It’s being reported that US President Donald Trump had a tense conversation in reference to refugees with his Australian counterpart Malcolm Turnbull during their phone call last week. 

The Washington Post reports that Trump had told Turnbull he had spoken to four other world leaders on Saturday, including Russian president Vladimir Putin and Mexican President Enrique Pena Nieto, but theirs “was the worst call by far”.

b’Australia Prime Minister Malcolm Turnbull | Source: Reuters’

 So what was the call about and why was it ‘the worst’?

Australia is considered one of the United States’ closest allies — one of the so-called “Five Eyes” with which the US routinely shares sensitive intelligence — and one might have expected the call to be smooth sailing.

As per a deal signed by the Obama administration, Washington agreed to resettle up to 1,250 asylum seekers held in offshore processing camps on Pacific islands in Papua New Guinea and Nauru. In return, Australia would resettle refugees from El Salvador, Guatemala and Honduras.

And Trump isn’t really thrilled about honouring this deal.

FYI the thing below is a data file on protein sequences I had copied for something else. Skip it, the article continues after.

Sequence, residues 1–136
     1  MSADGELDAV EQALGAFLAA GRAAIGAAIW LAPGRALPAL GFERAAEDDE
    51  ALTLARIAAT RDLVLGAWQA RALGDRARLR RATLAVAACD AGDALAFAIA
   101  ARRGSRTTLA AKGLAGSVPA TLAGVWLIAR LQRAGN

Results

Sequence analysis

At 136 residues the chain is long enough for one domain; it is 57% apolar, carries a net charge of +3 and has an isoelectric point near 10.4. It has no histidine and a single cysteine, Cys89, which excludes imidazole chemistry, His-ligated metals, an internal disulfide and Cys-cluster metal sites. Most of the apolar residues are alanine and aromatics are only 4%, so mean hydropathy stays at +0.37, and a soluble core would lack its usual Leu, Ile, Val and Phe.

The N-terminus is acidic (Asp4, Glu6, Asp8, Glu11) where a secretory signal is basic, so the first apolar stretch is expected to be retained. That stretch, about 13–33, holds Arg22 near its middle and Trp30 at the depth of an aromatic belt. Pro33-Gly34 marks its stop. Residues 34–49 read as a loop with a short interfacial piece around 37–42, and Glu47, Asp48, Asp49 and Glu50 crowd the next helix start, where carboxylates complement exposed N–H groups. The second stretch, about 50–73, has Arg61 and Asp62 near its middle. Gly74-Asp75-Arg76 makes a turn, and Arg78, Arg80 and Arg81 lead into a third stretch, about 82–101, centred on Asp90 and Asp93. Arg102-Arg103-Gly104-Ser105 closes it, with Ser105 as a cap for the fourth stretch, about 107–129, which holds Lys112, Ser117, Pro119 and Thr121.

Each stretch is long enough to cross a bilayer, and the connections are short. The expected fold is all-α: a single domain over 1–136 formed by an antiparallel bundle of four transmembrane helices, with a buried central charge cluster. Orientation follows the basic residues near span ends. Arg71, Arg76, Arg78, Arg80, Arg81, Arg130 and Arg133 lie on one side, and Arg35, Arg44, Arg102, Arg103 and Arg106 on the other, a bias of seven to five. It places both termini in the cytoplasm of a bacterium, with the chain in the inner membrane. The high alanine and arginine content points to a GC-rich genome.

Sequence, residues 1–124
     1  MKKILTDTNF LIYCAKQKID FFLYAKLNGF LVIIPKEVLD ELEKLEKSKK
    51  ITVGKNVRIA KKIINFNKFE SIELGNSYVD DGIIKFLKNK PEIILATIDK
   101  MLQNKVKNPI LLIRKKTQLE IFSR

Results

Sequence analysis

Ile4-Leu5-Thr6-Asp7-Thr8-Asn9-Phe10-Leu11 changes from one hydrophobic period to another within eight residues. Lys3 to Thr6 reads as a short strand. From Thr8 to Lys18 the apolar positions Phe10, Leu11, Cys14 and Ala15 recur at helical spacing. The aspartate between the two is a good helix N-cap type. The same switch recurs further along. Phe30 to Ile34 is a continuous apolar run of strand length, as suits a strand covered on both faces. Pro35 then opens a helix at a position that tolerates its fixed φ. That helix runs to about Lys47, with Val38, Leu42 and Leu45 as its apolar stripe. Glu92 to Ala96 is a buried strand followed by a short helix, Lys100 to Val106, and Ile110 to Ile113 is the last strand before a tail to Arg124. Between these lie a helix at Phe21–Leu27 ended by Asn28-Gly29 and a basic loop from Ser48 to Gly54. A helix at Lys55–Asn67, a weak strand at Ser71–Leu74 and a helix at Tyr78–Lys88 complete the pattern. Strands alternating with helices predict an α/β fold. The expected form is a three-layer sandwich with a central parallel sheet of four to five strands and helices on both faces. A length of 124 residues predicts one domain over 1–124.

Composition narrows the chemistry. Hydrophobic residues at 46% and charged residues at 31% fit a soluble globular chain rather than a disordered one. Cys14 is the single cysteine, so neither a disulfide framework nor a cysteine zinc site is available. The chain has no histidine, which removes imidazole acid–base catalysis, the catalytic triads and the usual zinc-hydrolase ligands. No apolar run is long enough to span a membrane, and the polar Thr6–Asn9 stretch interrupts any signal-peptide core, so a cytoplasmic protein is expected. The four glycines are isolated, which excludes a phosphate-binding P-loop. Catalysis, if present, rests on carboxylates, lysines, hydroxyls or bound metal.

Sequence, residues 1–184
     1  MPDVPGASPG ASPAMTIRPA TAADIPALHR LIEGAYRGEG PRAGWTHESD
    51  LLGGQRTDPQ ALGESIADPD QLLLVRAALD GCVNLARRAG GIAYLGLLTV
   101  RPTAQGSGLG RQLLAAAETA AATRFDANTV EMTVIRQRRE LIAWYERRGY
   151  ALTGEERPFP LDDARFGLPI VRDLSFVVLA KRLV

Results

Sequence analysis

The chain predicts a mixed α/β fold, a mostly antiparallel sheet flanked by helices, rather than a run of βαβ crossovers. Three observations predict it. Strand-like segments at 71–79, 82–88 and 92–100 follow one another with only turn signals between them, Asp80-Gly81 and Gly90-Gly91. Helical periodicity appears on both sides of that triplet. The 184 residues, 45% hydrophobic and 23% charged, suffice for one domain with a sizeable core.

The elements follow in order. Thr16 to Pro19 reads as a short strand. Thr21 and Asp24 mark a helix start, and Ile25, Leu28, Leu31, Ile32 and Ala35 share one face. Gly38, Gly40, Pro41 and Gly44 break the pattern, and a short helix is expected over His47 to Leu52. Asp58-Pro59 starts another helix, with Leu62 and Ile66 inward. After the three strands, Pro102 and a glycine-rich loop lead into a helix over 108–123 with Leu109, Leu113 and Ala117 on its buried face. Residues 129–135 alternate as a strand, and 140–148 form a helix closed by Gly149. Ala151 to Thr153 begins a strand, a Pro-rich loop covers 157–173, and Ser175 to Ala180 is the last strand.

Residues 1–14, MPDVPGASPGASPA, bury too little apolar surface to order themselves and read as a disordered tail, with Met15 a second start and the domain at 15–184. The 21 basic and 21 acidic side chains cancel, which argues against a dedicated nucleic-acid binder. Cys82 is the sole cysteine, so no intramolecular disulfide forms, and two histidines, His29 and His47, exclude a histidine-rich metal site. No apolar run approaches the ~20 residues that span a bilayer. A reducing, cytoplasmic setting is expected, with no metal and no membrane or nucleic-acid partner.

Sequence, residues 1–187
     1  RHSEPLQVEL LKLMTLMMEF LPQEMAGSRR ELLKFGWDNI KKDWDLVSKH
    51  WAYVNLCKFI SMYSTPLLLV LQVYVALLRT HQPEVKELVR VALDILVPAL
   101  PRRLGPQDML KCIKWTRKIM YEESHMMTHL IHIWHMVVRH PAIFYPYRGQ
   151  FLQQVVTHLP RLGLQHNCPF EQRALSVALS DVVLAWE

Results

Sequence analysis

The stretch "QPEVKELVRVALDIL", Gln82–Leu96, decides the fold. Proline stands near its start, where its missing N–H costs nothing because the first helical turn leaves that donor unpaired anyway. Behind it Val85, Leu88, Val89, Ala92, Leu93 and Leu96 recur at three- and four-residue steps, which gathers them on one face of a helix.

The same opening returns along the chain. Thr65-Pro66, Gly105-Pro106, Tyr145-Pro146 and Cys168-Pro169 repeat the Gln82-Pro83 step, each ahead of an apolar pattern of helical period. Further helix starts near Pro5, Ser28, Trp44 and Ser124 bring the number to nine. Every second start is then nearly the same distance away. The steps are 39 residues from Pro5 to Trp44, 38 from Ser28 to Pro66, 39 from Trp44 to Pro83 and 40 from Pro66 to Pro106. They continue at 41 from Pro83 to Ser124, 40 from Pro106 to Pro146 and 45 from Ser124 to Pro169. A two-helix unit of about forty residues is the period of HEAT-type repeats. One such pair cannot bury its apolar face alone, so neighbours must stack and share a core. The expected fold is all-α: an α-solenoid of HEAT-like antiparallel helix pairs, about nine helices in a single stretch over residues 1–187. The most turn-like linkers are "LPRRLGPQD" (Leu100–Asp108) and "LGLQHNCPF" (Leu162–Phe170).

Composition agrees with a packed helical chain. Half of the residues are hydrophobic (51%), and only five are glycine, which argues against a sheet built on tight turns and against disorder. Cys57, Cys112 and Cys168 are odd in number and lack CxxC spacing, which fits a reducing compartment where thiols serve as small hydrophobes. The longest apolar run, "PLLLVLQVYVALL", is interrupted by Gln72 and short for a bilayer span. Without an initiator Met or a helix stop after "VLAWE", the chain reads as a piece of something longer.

The call between the two leaders had been scheduled to last an hour but the Post reports that Trump cut it short after 25 minutes when Turnbull tried to turn to other subjects, such as Syria. It also said Trump described the plan as “the worst deal ever” and accused Australia of trying to export the “next Boston bombers.”

“Do you believe it? The Obama Administration agreed to take thousands of illegal immigrants from Australia. Why? I will study this dumb deal,” Trump said on Twitter not long before midnight Washington time.

What does Australian PM Turnbull have to say about this?

Turnbull would not comment on the contents of the call other than to say he believed the resettlement deal remained in place.

“These conversations are conducted candidly, frankly, privately. If you see reports of them, I’m not going to add to them,” he told reporters in Melbourne.


Turnbull also said that Trump had agreed to honor the deal struck with then-President Barack Obama to resettle an unspecified number of the 1,600 people Australia holds in offshore processing centers in Nauru and Papua New Guinea.

(With inputs from Reuters)